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Sunday, 9 September, 2001, 23:07 GMT 00:07 UK
GM crop trials 'flawed'
Grainfield at sunrise Monsanto
A bright new dawn with GM crops? The field trials are meant to explore the arguments
By BBC News Online's environment correspondent Alex Kirby

The UK's field trials of genetically modified (GM) crops are seriously deficient, the government's advisers say.

They say the trials, known as farm-scale evaluations (FSEs), are "not an adequate basis" for deciding whether the crops should be grown commercially.

The advisers believe the trials should continue, provided they meet certain conditions.

But they say the way the trials were introduced encouraged the belief that they were shrouded in secrecy.

The criticism comes from the Agriculture and Environment Biotechnology Commission (AEBC), which advises the government on biotechnology issues affecting agriculture and the environment.

It has published a report, Crops on Trial, whose recommendations, it says, "aim to foster openness and transparency".

Greater separation

The AEBC says the trials will provide valuable ecological data, but that this is not enough.

Ministers will need to take other information into account, it says, and consult people more widely than the government has done so far.

The report says the FSEs should continue, on certain conditions:

  • the government should confirm there will be no GM crops grown commercially until the trials are complete and the results have been evaluated alongside other factors and other evidence;
  • the separation distances between GM trials and conventional crops should be large enough to suit everyone involved, including organic farmers;
  • people should be clearly told the objectives and the limitations of the trials;
  • there must be effective local public consultation around the trial sites.
The report says that ministers must consider not only the FSE results, but a range of other information, before taking any decision on allowing GM crops to be grown commercially.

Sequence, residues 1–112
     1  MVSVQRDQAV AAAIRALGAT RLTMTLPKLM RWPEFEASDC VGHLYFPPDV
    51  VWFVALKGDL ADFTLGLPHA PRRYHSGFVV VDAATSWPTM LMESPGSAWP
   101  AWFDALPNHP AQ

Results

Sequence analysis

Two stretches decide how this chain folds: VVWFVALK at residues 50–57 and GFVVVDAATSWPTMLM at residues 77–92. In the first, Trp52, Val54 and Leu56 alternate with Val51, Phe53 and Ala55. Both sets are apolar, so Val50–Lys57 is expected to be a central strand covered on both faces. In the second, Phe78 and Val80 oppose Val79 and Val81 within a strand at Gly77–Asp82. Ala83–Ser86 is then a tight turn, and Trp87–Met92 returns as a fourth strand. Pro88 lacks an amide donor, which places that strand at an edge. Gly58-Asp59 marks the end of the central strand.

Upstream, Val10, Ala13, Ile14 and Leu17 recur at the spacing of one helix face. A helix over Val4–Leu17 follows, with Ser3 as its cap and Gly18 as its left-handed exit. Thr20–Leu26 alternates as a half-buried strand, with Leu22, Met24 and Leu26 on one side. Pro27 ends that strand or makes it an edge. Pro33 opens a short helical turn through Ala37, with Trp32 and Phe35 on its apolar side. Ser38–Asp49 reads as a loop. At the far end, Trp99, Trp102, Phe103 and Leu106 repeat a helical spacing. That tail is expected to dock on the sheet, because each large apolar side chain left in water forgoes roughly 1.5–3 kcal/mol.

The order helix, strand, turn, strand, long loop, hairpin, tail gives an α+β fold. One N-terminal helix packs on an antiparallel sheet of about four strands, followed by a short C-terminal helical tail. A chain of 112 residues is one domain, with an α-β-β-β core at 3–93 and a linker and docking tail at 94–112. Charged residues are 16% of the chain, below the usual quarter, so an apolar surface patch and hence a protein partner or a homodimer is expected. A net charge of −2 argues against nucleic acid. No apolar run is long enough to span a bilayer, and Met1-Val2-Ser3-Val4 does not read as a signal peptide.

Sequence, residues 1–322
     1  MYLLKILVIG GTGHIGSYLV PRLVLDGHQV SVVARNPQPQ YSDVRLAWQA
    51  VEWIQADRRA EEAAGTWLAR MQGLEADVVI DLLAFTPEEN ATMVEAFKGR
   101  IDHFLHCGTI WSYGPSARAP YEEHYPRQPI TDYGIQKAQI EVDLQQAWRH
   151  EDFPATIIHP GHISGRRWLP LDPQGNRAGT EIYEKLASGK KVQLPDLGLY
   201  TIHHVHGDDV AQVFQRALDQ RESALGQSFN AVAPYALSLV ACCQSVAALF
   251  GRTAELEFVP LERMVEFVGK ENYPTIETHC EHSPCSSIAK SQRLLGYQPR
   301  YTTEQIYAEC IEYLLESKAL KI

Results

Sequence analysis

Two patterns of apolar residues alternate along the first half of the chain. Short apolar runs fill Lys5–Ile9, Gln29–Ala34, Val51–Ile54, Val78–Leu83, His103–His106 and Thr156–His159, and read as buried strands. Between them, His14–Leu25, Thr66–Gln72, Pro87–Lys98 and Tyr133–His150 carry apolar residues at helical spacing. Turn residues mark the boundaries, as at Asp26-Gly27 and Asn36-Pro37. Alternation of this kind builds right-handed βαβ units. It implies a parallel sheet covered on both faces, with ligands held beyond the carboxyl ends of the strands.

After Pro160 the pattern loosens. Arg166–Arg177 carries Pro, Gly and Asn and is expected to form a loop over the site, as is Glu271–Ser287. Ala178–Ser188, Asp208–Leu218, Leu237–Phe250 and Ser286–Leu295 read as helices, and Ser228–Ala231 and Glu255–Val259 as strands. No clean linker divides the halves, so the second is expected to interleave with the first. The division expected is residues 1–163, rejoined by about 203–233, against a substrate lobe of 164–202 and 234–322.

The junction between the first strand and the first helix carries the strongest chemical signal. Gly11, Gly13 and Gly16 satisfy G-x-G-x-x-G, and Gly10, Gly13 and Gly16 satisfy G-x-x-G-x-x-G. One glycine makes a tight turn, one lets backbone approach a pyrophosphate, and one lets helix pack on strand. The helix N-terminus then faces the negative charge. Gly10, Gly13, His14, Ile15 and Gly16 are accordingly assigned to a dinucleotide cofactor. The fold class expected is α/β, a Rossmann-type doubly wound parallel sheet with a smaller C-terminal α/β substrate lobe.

Cropfields in countryside Monsanto
GM and conventional fields are close
This includes other scientific data, ethical concerns, strategic and economic issues raised by the forthcoming Policy Commission on Food and Farming, and concerns voiced by members of the public.

And the AEBC also recommends "an independent baseline review of all the information that will need to be considered in addition to the results from the FSEs".

Its comments on the way the trials were introduced are scathing.

The report says: "The absence of consultation, the very short notification, and the particularly unfortunate location of some of the chosen sites have made it seem that the trials have been conceived and designed in a secretive way, with key players not fully engaged."

The AEBC chairman is Malcolm Grant, professor of land economy at the University of Cambridge.

No bulldozing

He said: "GM crops are part of the greater debate about what kind of agricultural production people want in the UK, and how it can be achieved.

"We believe this report sets out some practical steps the government should take."

GM and non-GM crops adjoining Monsanto
GM companies say the advantages are clear
Professor Grant told BBC News Online: "Our concern is really that there may be a simplistic assumption that the FSEs are the last piece in the jigsaw.

"We want the government to start gearing up now to obtain all the other data and addressing the concerns that we think it should be considering too.

"When we speak of a baseline review, we want data included from other forms of agriculture. Some AEBC members think conventional agriculture may be more harmful to wildlife than GM crops.

Broad church

"People do feel GM is something that's being imposed on them. But we think the government realises there's no way this can be bulldozed through."

The AEBC represents a wide range of views, including among its members, academics, farmers, scientists and environmental campaigners.

Greenpeace said the report "identifies gaps in scientific research as well as political, ethical and commercial issues which need to be resolved before the commercial growing of GM crops in Britain should begin".

Dr Doug Parr, its chief scientific adviser, said: "If the government wants to show that it isn't in the pocket of the biotech giants, it needs to hold this wide debate and stop the farm-scale trials programme."

Images courtesy of Monsanto Co.

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Professor Malcom Grant
"We're keen that the trial should be completed"
See also:

07 Sep 01 | Sci/Tech
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GM tomatoes 'offer health boost'
24 Jul 01 | UK
New GM crop trials unveiled
22 May 01 | Sci/Tech
GM crop trial abandoned
01 Mar 01 | UK
GM trials spark fresh row
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